CIOs under pressure to produce

Ambitious business growth targets for 2007 are putting yet more pressure on tech chiefs to innovate, reduce costs and deliver better quality services.
Written by Andy McCue, Contributor
Ambitious business growth targets for 2007 are putting yet more pressure on tech chiefs to innovate, reduce costs and deliver better quality services, according to Gartner's annual CIO Agenda survey.

Two-thirds of the 1,400 CIOs surveyed globally said their companies expect to increase their market share or expand in 2007, and that business executives want IT to raise current performance and build new capabilities. But there appears to be a widening gulf between what the business and what IT view as priorities.

The key business priorities for 2007 are improving processes and workforce performance, attracting new customers and reducing costs, the Gartner survey found. By comparison the CIO's immediate priorities remain internally focused on IT services, IT governance, improving the links between business and IT, and demonstrating the value of IT.

The increased expectations of IT come at a time when IT budgets are fairly static or increasing only slightly. The survey found global IT budgets will increase by an average of three per cent in 2007, while a third of CIOs predict no budget change and 19 percent report a planned IT budget cut.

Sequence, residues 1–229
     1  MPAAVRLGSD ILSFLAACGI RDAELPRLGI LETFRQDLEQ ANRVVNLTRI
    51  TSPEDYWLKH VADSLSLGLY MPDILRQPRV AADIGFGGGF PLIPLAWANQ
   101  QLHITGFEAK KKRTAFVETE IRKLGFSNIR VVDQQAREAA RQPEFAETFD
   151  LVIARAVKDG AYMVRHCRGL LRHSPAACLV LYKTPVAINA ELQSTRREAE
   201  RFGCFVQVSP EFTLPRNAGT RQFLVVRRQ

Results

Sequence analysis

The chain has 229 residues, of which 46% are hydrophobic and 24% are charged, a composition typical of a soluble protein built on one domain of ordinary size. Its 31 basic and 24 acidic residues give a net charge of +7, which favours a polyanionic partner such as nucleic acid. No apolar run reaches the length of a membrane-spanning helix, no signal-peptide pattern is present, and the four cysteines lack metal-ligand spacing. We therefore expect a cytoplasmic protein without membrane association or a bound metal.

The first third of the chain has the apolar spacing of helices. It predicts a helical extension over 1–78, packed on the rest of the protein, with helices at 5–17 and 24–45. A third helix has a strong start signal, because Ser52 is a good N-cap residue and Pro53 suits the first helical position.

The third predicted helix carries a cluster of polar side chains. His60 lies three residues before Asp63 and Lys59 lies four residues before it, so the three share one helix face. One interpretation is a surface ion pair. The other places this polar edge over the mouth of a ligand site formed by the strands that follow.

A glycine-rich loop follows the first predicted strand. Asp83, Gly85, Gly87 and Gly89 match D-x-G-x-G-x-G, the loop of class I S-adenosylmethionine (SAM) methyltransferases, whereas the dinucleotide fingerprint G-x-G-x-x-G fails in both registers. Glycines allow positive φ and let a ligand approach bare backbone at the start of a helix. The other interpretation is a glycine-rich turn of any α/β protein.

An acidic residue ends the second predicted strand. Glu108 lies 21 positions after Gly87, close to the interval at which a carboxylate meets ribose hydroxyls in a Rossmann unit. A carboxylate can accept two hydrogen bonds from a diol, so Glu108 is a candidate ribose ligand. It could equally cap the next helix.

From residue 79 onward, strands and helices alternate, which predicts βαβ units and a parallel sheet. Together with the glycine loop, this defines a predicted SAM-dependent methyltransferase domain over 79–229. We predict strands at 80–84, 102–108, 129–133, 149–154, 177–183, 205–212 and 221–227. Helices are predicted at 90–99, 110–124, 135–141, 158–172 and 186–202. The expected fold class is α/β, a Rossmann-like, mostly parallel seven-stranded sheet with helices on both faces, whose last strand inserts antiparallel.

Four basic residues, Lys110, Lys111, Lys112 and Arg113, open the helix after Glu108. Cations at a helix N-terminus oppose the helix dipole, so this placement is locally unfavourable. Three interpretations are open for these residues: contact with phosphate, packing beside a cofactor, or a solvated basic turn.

Much of that resource is being used on simply operating and maintaining complex IT infrastructures. Almost two-thirds (63 per cent) of IT budgets are taken up by infrastructure and transactional costs--in other words, "keeping the lights on." Dave Aron, VP of research for Gartner's executive program, told silicon.com: "That's a lot of money, time and energy managing an overly complex IT base. There is a lot of complexity in their organizations."

Innovation is seen by enterprises as critical to building new capabilities that will support business growth but only 26 per cent of CIOs said their current innovation level is sufficient to meet those expectations.

Aron said: "Most companies are stuck doing their daily tasks. The last couple of years were about building the infrastructure platform and the next couple of years are about building a platform for growth, and innovation processes and tools are part of that."

Talent and skills remains a problem area for many IT departments with only a handful of the newer project management, architect and business analyst roles in evidence, according to Gartner. Aron said: "Most IT organizations are still skilled for doing traditional IT work."

Gartner said cost reduction, building business understanding and improving relationships are now an expected "part of the game" for IT, and that to really make a difference CIOs need to focus what little discretionary spend and resource they have in "amplifying business strategy."

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